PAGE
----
Das Dokument ist öffentlich zugänglich im Rahmen des deutschen Urheberrechts.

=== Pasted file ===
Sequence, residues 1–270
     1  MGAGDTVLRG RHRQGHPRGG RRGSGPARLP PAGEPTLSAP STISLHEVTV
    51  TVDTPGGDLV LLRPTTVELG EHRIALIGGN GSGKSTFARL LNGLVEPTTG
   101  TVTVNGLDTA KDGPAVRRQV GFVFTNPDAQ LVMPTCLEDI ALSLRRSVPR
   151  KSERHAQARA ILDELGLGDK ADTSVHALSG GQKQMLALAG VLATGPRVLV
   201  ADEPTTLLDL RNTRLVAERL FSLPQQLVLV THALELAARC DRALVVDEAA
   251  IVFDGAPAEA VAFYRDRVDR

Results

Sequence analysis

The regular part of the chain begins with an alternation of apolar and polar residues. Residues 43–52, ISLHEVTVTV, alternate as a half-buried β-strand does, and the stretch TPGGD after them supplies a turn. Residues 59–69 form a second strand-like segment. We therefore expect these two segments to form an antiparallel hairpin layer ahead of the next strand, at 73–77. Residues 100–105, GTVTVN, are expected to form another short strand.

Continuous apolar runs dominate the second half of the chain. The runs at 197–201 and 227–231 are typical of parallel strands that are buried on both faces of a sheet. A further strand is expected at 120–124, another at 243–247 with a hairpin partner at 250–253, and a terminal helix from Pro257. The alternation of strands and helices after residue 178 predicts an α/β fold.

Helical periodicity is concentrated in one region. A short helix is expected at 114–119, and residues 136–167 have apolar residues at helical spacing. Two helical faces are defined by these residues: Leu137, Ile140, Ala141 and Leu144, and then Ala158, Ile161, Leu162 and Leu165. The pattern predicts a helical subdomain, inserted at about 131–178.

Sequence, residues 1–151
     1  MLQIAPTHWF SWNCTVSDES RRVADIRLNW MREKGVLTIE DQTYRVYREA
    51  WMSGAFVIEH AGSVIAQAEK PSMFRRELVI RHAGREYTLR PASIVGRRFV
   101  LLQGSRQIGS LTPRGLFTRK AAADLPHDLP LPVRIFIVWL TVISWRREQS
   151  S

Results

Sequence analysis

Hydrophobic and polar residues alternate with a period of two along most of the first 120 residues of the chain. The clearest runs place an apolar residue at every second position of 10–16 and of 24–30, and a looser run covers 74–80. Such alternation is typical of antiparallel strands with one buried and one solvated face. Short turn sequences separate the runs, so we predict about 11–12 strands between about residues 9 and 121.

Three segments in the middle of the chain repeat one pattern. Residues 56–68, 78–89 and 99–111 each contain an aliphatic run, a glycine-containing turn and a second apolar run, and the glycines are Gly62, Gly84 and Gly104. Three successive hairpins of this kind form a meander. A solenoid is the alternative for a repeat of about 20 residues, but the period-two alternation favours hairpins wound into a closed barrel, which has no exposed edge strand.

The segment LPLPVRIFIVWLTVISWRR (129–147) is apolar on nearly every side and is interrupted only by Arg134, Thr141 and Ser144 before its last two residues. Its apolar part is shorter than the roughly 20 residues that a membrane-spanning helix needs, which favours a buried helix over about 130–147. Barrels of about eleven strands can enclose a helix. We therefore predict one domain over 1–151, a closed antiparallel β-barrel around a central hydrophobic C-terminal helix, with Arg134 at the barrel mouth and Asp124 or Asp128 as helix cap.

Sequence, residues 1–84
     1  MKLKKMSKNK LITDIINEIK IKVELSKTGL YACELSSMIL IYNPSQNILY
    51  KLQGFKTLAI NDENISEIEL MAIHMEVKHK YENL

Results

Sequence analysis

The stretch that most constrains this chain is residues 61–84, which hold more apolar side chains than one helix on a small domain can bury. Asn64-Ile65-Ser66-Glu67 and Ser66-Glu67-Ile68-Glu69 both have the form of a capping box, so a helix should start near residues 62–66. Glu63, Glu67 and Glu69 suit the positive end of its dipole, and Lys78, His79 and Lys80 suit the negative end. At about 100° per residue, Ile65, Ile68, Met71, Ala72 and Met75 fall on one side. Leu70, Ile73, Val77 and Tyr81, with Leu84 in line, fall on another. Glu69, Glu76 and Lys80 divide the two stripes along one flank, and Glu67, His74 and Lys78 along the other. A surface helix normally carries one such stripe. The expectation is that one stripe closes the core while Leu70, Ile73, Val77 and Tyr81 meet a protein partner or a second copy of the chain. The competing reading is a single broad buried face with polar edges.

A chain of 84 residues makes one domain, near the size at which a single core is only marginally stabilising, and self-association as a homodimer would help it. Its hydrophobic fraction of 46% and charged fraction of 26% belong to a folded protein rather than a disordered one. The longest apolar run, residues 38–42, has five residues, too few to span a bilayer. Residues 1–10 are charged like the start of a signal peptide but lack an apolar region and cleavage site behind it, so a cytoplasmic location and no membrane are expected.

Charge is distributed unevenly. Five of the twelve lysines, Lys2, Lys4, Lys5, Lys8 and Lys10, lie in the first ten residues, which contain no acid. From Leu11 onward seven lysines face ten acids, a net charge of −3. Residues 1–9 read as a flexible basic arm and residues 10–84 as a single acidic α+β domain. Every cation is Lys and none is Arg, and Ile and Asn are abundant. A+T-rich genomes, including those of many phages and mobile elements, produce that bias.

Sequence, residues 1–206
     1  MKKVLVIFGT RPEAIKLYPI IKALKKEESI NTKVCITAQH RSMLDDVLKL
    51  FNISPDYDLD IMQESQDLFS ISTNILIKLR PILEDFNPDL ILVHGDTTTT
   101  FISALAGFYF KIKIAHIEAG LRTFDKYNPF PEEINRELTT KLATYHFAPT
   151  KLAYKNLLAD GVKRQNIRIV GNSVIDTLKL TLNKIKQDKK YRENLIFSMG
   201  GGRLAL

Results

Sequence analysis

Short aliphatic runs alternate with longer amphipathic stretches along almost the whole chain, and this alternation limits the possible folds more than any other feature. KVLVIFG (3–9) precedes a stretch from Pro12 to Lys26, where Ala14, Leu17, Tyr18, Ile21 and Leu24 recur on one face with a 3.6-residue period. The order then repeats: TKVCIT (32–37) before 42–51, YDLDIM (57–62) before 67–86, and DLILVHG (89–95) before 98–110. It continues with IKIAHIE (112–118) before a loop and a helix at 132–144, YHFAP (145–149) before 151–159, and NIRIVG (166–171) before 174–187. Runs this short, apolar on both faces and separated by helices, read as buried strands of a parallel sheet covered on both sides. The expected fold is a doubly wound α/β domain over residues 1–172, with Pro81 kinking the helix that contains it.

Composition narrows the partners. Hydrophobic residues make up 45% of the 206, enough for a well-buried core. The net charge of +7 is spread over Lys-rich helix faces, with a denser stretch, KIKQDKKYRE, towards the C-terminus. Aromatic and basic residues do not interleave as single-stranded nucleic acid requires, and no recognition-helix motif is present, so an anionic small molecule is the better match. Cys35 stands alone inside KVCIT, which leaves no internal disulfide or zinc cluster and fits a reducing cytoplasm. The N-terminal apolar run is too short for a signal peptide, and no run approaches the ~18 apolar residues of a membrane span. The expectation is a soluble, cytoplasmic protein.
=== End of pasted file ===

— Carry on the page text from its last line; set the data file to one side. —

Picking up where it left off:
Despite efforts to integrate refugee children into host country education systems, their low school attachment remains a major policy challenge. Teachers play a key role in keeping students attached to school, yet classroom diversity poses difficulties for teachers who are not always adequately prepared to address the needs of minority students. Using administrative data and a regression discontinuity approach, we evaluate whether a teacher training program - designed to raise awareness of primary and secondary school teachers in Turkey - is effective in reducing absenteeism of refugee students. We find that the program almost halves the absenteeism gap between native and refugee students and its effect persists into the next academic year, albeit fading out in size. We argue that the most likely channel through which the effects of the program operate is a school-wide mentorship role acquired by trained teachers, which has broad impact on raising diversity awareness within schools.